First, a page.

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The Rubin Causal Model (RCM), also called Potential Outcome Framework, assumes any unit in a population has potential outcomes under any treatment relevant in a study. For example $Y_1$ denotes the outcome under treatment, $Y_0$ the outcome under control. In a non-randomized experiment the fact that in expectation the quantity

$$E(Y_1|T=1) - E(Y_0|T=0)$$

is observed in expectation as the mean difference between treated and untreated units, where $T$ denotes the treatment assignment, causes selection bias against the average treatment effect

$$E(Y_1-Y_0).$$

The key problem is that part of the data needed for causal inference is unobserved, in particular $E(Y_1|T=0)$ and $E(Y_0|T=1)$. There are several approaches to inference about this treatment effect, prominently weighting, stratification, or some other form of matching on the propensity score.

An alternative approach tries to estimate the unobserved potential outcome distributions $P(Y_1,Y_0)$ directly using Bayesian techniques, such as multiple imputation. What are key papers that attempt causal inference by solving the missing data problem by multiple imputation or other Bayesian techniques?

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    $\begingroup$ Not sure I understand this question. Rubin is a Bayesian and his approach (though stemming from Neyman, who was not) is to put the whole thing in a missing data framework. But the inference framework is distinct from the causal framework. $\endgroup$ – conjugateprior Jul 20 '16 at 21:34
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    $\begingroup$ If you are looking for a Bayesian approach within the potential outcome framework tradition, ch.8 of Imbens and Rubin's 'Causal Inference' textbook might be a place to start. $\endgroup$ – conjugateprior Jul 20 '16 at 21:35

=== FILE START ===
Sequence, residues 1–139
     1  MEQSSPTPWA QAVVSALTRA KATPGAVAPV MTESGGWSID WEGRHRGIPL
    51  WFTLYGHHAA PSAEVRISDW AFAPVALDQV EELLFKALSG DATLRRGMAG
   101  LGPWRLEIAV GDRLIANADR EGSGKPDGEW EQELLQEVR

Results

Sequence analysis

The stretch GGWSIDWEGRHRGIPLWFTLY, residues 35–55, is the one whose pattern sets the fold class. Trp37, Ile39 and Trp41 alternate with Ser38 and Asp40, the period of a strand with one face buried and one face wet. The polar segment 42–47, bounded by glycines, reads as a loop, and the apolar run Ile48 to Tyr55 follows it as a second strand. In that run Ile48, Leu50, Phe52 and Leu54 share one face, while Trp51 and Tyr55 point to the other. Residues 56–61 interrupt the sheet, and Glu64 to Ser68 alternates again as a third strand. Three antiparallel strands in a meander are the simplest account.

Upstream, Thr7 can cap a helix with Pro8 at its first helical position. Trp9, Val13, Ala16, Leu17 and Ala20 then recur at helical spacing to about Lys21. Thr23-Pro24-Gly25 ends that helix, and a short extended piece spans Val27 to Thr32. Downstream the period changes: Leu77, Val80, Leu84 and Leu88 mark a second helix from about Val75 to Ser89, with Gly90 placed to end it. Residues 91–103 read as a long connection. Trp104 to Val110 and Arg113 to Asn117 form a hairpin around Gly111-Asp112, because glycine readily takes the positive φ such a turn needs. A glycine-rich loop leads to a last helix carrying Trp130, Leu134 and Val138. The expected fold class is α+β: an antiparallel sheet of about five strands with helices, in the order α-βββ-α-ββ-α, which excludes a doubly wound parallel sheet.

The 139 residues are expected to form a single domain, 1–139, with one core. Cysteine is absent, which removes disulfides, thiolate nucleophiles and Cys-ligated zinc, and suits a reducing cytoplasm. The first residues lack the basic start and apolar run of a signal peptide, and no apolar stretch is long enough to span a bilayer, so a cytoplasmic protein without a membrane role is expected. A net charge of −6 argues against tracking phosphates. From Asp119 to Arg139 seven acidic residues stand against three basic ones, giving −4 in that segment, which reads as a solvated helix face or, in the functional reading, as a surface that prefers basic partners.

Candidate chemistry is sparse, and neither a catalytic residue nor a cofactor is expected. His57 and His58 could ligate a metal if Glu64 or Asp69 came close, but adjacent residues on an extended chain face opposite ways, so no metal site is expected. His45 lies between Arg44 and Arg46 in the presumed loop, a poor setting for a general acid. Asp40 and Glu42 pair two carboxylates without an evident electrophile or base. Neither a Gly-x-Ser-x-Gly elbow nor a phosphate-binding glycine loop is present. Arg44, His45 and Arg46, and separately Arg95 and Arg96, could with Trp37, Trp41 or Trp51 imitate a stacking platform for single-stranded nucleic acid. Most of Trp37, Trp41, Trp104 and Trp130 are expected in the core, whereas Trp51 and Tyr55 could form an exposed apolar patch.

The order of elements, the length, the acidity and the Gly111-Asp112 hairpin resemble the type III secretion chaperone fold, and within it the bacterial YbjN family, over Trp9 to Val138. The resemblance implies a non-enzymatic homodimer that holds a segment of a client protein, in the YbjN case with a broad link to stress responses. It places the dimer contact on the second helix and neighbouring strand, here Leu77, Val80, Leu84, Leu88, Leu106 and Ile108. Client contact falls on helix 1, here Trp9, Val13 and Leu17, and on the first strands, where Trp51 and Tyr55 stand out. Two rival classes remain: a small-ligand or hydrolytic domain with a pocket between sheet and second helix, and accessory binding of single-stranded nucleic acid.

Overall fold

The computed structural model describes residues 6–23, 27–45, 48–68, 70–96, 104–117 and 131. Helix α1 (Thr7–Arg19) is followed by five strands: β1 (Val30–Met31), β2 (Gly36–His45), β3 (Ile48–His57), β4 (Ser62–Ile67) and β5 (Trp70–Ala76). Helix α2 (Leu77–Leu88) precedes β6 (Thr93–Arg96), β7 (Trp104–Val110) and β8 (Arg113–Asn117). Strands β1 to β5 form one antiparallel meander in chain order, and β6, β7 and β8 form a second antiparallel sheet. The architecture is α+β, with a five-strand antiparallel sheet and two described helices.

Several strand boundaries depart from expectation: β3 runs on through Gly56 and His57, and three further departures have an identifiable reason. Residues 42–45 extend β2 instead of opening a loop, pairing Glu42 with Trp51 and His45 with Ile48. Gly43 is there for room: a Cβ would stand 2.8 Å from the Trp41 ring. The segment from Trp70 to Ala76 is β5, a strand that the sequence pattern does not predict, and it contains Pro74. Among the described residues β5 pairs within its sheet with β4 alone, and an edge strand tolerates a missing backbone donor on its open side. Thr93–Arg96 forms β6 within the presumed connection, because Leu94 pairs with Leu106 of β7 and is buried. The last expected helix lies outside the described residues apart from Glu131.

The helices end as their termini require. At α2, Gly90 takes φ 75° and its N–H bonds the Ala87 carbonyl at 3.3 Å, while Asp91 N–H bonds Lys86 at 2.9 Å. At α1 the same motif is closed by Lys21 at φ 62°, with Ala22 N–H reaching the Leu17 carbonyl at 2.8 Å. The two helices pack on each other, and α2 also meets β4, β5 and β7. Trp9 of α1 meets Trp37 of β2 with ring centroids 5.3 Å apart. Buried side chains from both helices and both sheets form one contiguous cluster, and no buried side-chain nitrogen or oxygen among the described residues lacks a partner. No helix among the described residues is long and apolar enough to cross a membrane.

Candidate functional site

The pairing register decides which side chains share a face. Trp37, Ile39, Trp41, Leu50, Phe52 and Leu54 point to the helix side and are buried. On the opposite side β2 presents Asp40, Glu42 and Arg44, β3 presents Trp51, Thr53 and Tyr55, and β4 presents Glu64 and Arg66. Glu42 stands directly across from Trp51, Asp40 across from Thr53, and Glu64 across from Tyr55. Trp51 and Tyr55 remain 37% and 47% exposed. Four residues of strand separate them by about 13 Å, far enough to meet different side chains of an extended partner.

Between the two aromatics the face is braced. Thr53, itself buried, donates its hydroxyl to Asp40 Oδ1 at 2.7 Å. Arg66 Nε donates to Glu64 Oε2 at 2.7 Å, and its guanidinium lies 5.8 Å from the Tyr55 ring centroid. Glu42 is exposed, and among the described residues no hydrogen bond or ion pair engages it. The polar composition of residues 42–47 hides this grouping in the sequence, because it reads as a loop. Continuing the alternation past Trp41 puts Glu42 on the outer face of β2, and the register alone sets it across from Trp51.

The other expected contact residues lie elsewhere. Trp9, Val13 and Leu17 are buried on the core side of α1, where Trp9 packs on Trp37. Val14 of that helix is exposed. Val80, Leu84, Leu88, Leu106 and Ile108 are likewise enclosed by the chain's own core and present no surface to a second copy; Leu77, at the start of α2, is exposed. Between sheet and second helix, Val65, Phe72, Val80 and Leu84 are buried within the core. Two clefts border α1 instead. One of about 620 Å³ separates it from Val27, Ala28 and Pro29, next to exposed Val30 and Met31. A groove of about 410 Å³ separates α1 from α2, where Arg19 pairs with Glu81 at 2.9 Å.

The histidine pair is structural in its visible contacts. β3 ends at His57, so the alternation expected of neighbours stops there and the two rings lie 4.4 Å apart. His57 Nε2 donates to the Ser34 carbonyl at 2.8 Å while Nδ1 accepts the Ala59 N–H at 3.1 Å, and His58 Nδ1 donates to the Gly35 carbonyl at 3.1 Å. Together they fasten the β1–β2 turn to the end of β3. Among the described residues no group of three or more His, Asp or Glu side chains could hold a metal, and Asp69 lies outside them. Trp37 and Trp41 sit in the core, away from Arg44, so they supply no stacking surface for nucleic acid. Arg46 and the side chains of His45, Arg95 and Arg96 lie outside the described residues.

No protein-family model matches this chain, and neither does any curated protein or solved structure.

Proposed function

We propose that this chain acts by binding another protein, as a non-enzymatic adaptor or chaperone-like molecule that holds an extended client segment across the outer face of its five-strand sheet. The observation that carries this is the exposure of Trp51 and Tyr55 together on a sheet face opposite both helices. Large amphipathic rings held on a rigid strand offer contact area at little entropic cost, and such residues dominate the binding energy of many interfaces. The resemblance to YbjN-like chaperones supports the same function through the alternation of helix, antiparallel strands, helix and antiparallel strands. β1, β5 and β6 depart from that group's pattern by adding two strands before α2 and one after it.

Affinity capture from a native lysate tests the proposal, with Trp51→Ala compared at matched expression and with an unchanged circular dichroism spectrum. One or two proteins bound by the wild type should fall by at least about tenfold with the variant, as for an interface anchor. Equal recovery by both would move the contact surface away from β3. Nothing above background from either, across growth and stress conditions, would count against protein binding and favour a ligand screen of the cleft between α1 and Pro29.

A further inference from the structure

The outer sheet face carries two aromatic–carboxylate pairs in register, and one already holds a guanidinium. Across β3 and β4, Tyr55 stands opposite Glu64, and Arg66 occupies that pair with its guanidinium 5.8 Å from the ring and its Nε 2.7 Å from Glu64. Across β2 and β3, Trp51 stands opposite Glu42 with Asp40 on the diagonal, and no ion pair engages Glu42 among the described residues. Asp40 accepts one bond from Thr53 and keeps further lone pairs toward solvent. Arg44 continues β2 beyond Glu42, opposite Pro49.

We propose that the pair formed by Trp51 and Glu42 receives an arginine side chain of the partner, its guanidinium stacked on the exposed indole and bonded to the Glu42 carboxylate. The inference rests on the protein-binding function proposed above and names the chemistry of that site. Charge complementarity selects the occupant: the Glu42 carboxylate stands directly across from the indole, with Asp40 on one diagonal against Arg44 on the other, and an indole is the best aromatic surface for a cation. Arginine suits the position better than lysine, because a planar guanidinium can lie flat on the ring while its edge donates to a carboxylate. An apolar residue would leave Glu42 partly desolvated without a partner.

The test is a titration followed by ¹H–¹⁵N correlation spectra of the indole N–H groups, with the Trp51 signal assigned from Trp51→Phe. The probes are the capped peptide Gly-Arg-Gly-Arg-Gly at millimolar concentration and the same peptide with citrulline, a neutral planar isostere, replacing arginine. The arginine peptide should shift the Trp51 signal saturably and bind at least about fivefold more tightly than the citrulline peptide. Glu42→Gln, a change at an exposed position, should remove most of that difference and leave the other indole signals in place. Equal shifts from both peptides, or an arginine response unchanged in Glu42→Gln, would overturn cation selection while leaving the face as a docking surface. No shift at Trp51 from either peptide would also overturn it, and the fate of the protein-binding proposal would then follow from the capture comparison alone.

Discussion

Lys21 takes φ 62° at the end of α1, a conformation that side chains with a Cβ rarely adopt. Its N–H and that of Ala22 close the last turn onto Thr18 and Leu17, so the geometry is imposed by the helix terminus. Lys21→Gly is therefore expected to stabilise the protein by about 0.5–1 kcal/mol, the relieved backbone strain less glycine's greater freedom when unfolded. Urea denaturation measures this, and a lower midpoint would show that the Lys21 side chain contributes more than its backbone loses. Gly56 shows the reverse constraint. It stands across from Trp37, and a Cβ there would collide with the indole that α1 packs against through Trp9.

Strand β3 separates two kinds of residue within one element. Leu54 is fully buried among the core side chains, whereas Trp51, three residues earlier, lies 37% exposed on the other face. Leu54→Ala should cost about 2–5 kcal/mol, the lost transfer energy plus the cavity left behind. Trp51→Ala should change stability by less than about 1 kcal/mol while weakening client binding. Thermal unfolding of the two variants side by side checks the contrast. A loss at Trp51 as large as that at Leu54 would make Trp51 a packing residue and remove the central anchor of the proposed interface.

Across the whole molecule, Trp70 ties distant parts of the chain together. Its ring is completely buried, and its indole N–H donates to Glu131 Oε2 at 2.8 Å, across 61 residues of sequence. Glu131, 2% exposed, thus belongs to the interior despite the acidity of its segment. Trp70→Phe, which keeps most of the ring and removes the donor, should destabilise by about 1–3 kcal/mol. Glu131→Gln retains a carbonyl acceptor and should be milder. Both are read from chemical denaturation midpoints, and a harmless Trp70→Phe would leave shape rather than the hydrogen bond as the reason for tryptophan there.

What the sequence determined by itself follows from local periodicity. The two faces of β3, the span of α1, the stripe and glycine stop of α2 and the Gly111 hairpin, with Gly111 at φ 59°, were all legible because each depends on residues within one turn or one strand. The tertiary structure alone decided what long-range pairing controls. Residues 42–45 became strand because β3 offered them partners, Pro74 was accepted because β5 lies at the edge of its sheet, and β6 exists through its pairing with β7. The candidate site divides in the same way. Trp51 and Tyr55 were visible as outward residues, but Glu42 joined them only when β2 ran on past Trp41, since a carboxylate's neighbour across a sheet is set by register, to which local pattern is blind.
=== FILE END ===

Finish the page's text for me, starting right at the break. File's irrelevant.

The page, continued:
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$$E(Y_1−Y_0)$$ is the quantity we would like to learn about. Counterfactuals per se are not observed, so we need to make further assumptions to write this counterfactual quantity in terms of the observed variables $Y$ and $T$. One way is to assume that $$Y_1, Y_0 \perp T,$$ for example because treatment is randomized. If one further assumes that the observed variable Y obeys $Y = Y_1\cdot T + Y_0 \cdot (1 - T)$, we can write $$E(Y_1−Y_0) = E(Y_1|T = 1) − E(Y_0|T = 0) = E(Y|T = 1) - E(Y|T = 0).$$ The last expression can be estimated in a myriad of ways, because we can actually observe $Y$ and $T$. So the "causal inference"-step itself consists only of justifying and using counterfactual assumptions, and is not directly related to any estimation procedure like the ones you mention. Judea Pearl makes this point very forcefully (e.g., in "Causality", 2009, Cambridge University Press).

To me, multiple imputation of the potential outcome distribution does not make sense. I am also not aware of any paper trying to do this. If one has a sample on $Y$ and $T$, one can make inferences about their population distributions, and if one makes the right assumption (as for example above), these quantities also tell you something about causal effects. An entirely different topic is how to deal with missing values in $Y$ and $T$ (not $Y_t$), and to what extent this is a problem for causal inference. For that, see [1] for a gentle and intuitive, and [2] for a very comprehensive treatment.

[1] Pearl, Judea. "Linear models: A useful “microscope” for causal analysis." Journal of Causal Inference 1.1 (2013): 155-170.

[2] Shpitser, Ilya, Karthika Mohan, and Judea Pearl. Missing data as a causal and probabilistic problem. No. TR-R-454. CALIFORNIA UNIV LOS ANGELES DEPT OF COMPUTER SCIENCE, 2015.

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There's a great paper by Cham & West about this matter, but mostly in the context of propensity scores; you might find some good references in that paper to follow up your pursuit.

Cham, H., & West, S. G. (2016). Propensity Score Analysis With Missing Data. Psychological Methods. http://doi.org/10.1037/met0000076

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